We suspect the Steelers are really worried about the impact on certain "luminaries" who will have just touched down at Pittsburgh International Airport. A 90-minute limo ride, and missing the first quarter, would spoil their buzz, and perhaps ruin their perceptions of our most livable city.

We sympathize. We promise to meditate on it. Maybe a Black n' Gold HeliTaxi of some kind?

But at any rate; let's not irritate a great new civic partner for no good reason. Like the P-G, we also trust the Planning Commission; in this case, we trust it will focus on issues that truly merit attention, and are a bit less high-profile.

Wednesday, April 25, 2007

Wednesday Roundup

The TRIB's Eric Heyl, donning his consultant-to-the-mayor hat, is entertaining as always.

Editorial Aside: But this time he's way off base. The Comet sees no need for holding up the Planning Commission any further, on account of traffic studies. We would, however, strongly urge Don Barden to mitigate the Carnegie Science Center's legitimate lighting concerns.


Meanwhile, the P-G editorial board strongly endorses Mike Dawida for city controller. We know this because they used the word, "strongly."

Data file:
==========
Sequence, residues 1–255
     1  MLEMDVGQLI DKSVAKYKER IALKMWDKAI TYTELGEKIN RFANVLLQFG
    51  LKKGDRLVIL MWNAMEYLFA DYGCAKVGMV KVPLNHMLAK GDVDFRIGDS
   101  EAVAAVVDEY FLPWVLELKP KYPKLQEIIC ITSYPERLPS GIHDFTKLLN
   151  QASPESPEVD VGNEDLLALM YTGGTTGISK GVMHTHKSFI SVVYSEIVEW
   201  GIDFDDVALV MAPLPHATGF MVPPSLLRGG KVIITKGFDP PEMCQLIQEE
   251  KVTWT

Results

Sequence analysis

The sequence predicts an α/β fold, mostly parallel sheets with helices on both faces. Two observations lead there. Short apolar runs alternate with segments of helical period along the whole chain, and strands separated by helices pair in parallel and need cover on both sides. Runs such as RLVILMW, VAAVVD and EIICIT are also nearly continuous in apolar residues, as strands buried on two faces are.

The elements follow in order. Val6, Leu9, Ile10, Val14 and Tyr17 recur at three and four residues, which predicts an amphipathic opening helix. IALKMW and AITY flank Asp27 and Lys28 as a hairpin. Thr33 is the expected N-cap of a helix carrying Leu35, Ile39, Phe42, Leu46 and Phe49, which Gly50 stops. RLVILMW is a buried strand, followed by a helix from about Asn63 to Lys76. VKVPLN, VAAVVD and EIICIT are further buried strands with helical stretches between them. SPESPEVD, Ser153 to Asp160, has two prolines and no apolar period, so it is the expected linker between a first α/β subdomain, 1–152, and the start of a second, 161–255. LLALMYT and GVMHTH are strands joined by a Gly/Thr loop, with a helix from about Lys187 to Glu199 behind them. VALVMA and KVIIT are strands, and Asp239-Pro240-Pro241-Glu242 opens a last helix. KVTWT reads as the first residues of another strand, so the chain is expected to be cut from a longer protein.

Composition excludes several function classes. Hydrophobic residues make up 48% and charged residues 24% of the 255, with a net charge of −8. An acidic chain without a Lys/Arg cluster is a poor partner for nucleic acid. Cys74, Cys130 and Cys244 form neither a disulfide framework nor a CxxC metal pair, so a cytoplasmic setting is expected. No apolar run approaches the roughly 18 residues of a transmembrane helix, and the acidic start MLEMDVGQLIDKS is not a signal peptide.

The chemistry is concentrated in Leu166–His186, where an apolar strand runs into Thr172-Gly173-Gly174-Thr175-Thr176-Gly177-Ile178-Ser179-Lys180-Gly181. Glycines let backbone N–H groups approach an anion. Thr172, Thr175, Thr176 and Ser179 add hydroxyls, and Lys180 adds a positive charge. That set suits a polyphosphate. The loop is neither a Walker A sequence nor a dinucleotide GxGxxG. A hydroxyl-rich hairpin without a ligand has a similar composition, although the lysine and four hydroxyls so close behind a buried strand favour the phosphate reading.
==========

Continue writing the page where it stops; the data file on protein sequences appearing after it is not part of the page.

Editorial Deconstruction: Some members of the ed-board were no doubt taken in by Dawida's rowdy maverick shtick, of which we are also a fan. However, we wager that other members calculated that endorsing Dawida would not hurt Michael Lamb -- but would rather hurt his rival Doug Shields -- all while putting some daylight between themselves and the froo-froo progressives.


The P-G's Rich Lord submits a tiny little article about city automobile repair, with huge implications -- not just for the race for controller, but for city-county consolidation.

On the same pages, Joe Smydo reports that Pittsburgh Public Schools are "re-thinking special ed logistics," all without mentioning the words "Roosevelt," "Tezca," or "Cave-in."

The President: For The Hour

The best interviewer on the planet, Charlie Rose, soothes the savage beast that is George W. Bush, transforming a 20-minute session into a 60-minute in-depth extravaganza.

We found that it strongly resembled conversations between fictional mob boss Tony Soprano, and his therapist, Dr. Jennifer Melfi. Yet at the very least, the President demonstrated that he's on top of all the salient details in the world, in his own way.